New Delhi | July | 01 2020 : As India grapples with the COVID-19 pandemic, children and their families living in street situations have had to face unprecedented challenges. In order to make an impact and act as responsible citizens, media students of a prominent institute will kick off an initiative #StudentsUniteToHelp, at Esperanza, India’s largest e-Media Fest, to raise funds for these children to have a better future. Hosting events in art, photography, films, music and PR & Communication, the two day E-Fest will raise funds for the leading Child Rights NGO, Save the Children’s ‘TheInvisibles’ Campaign.
The first of its kind college E-Fest has already seen over a 1000 plus registrations, as students from all over the country will converge virtually over interactive sessions with eminent speakers and activities spanning 10 gripping events.
Speaking on this initiative, Rhittick Das, from the student organizing committee of Esperanza said, “Youth participation is crucial to generating empathy and action to push for long-term change. There are a myriad of initiatives and organizations, and if we know where we want to bring about a change, the opportunities are right there. We cannot be a mere audience to what is happening around us today. We are the present, and the future we will inherit is as much our responsibility as of anyone else.”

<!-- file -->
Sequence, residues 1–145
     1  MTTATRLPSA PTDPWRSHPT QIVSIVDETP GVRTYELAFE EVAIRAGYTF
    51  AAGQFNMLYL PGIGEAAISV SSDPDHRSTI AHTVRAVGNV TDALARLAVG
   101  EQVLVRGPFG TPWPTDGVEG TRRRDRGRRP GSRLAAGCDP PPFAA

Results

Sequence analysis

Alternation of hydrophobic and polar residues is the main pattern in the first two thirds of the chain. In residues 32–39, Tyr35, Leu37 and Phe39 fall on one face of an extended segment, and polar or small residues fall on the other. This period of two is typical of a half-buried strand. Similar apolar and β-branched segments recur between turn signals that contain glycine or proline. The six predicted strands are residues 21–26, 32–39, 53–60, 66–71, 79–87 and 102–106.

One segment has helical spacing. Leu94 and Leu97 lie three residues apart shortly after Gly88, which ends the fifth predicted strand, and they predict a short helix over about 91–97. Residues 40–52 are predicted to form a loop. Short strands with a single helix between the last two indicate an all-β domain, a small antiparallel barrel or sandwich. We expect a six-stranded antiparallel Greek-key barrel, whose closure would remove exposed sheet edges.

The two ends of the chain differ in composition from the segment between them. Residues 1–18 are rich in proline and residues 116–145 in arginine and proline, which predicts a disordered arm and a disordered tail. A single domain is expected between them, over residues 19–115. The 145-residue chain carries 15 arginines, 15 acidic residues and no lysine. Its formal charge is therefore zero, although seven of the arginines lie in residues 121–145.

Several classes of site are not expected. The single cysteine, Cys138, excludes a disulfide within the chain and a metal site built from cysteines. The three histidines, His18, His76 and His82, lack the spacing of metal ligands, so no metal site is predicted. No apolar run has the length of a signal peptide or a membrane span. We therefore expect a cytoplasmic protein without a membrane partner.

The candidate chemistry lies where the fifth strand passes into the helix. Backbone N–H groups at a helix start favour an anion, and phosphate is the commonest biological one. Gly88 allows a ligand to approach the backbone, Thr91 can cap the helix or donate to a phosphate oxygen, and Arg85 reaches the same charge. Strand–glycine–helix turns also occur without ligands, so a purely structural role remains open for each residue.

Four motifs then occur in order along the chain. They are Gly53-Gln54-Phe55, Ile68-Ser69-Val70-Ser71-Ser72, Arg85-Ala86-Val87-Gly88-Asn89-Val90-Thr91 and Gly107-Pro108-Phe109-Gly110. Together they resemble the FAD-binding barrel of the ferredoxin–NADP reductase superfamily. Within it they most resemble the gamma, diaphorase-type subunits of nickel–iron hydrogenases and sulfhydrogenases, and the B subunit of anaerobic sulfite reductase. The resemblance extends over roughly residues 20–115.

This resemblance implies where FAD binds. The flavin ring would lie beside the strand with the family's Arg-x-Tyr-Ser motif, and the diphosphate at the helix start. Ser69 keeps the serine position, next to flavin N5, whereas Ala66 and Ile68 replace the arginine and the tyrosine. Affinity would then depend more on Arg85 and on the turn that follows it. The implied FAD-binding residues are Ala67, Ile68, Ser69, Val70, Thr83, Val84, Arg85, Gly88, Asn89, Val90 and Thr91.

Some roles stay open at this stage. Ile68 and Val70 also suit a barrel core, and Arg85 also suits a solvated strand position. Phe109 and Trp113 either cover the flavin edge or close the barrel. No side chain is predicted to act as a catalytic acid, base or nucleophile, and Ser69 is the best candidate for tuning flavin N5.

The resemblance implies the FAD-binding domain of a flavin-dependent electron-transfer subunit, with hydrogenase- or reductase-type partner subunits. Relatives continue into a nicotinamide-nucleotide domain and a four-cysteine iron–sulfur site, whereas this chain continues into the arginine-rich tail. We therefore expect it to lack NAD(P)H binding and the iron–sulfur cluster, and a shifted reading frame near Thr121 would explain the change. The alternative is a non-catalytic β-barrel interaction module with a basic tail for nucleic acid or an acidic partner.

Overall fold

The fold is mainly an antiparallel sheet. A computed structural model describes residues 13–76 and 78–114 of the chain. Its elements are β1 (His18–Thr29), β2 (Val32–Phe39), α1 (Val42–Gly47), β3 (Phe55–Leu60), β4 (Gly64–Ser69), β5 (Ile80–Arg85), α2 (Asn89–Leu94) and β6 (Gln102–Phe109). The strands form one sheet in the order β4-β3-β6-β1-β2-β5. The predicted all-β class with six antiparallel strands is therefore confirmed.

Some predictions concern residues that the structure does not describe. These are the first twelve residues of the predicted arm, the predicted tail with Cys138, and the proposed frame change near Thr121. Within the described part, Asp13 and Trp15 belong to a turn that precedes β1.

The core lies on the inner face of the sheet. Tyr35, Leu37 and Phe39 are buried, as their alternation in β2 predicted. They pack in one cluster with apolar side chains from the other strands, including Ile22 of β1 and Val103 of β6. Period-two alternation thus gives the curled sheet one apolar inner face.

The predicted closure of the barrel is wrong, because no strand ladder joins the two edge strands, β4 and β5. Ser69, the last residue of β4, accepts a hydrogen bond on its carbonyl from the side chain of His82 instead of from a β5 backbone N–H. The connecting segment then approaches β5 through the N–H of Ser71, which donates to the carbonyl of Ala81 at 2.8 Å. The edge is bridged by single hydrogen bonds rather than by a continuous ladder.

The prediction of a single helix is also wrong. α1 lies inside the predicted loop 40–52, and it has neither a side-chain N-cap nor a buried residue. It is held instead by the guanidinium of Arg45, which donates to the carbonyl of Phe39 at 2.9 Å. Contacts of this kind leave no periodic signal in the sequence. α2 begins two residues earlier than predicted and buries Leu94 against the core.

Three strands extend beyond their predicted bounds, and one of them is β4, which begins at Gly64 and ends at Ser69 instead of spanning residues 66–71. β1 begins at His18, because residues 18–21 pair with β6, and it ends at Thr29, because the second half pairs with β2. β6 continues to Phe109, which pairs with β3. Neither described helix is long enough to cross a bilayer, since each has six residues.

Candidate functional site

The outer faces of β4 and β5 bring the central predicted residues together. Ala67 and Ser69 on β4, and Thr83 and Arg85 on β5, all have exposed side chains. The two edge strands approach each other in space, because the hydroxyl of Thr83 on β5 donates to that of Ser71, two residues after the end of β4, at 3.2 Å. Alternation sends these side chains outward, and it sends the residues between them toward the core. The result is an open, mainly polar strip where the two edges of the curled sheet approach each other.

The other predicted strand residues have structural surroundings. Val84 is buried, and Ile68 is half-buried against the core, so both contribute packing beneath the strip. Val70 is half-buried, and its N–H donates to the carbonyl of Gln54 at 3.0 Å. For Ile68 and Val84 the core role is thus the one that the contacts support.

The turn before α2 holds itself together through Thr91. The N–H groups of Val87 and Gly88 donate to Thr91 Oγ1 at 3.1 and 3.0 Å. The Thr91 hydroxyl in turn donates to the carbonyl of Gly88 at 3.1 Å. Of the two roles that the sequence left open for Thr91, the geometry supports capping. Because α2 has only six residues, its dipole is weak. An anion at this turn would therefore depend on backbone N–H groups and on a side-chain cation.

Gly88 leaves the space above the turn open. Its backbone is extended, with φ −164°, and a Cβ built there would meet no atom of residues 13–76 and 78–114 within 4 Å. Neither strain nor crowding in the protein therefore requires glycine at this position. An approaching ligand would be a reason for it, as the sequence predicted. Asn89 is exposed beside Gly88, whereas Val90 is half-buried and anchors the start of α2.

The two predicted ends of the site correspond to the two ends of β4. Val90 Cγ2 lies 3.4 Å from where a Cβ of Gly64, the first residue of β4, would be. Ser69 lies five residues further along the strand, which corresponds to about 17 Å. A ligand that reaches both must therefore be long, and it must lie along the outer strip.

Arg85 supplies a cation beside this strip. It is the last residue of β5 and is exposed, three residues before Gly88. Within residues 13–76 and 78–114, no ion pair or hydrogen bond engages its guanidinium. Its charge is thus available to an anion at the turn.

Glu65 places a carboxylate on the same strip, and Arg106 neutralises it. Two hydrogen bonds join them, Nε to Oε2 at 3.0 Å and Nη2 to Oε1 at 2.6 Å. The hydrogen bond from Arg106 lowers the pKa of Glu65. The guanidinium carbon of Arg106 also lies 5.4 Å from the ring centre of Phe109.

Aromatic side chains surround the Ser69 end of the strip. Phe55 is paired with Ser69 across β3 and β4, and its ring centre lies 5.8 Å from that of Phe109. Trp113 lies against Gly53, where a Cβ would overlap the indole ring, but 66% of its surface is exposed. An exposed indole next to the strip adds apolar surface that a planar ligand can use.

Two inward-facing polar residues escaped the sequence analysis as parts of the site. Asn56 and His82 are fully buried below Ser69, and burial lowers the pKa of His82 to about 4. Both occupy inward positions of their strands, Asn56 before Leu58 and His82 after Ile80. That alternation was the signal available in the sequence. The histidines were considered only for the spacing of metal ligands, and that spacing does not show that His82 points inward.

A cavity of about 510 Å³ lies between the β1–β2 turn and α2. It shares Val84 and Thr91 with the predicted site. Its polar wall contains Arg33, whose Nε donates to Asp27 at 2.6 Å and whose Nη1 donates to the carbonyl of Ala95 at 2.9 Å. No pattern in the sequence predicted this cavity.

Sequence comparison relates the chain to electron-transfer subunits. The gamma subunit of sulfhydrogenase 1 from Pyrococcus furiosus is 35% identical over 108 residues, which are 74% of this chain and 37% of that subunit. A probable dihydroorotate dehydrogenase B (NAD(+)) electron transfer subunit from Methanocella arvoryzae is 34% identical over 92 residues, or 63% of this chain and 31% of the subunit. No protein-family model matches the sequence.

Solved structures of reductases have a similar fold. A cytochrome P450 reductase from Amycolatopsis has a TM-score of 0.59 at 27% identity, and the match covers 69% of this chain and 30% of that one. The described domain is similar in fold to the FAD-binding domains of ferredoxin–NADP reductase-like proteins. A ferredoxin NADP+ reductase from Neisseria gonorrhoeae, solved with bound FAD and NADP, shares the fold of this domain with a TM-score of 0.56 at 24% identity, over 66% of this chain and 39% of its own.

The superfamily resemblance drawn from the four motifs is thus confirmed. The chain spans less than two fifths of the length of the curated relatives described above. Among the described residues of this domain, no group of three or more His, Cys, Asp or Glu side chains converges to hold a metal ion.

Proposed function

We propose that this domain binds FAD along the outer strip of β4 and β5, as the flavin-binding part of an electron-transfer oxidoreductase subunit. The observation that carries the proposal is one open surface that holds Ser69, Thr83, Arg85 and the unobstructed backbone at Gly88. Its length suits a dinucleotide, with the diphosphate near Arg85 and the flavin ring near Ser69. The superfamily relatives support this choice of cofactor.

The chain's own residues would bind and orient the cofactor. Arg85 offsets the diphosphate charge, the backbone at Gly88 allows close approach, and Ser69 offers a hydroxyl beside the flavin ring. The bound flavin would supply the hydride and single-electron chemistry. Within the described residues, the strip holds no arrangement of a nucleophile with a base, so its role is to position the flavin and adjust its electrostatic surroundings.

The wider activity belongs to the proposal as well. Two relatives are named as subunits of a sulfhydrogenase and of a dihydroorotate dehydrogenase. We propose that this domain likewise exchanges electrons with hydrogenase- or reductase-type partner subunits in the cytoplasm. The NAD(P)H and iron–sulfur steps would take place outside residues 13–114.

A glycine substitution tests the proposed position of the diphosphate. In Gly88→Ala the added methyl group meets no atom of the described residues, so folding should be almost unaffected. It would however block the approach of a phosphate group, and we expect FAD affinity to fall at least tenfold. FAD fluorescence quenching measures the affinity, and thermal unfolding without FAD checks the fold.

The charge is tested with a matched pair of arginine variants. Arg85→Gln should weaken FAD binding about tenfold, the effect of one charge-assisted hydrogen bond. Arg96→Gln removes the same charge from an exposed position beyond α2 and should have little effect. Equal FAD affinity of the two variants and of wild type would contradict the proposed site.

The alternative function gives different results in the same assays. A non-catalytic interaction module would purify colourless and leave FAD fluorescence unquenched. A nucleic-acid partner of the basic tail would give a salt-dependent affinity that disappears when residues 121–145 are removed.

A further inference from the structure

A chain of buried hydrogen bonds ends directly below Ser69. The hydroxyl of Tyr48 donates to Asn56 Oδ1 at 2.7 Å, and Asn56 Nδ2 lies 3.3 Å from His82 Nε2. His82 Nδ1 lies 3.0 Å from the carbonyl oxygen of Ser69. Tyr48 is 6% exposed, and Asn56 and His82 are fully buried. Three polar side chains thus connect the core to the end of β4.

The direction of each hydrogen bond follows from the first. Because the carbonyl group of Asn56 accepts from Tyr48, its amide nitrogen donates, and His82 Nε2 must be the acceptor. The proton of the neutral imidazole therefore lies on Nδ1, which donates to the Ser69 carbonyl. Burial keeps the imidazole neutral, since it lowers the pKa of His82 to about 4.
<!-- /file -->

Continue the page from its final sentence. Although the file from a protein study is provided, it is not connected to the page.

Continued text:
Explaining about the impact youth can make, Pragya Vats, Head of Campaigns, Save the Children said, “Youth is a force to reckon with. They are optimistic, driven to lead and a power house of possibilities. They are critical to creating a society that not only caters but also acts as collective social responsibility. It is about harnessing the power of youth to be the change. It’s estimated that India has the largest number of street children in the world, who are more vulnerable today than ever before. Save the Children is doing whatever it takes to keep them high on the public and political agenda.
We are delighted to see the youth of today, take upon themselves to be the changemakers for children.”
Earlier, a nationwide survey conducted by Save the Children and Youth Ki Awaaz offered some interesting insights on their awareness, attitude and action for street connected children. It was promising to see that very few respondents (0.02 per cent) felt anger or a negative emotion when they saw street children. Nearly 60 per cent of young India is willing to donate or take tax cuts, and over 87 per cent of them would like to put pressure on the government to include street children in their agenda.
As part of its humanitarian outreach for COVID-19, Save the Children has activated its response in 13 states of India with emergency relief, helping the government with dry ration distribution, hygiene and dignity kits, and raising awareness on basic hygiene and social distancing. Child Champions are leading community awareness sessions at village, Gram Panchayat level, temporary isolation centres and with children staying at CCIs (Child Care Institutions) Other activities being carried out include stitching of cotton masks, providing livelihood opportunities to men, women and adolescents.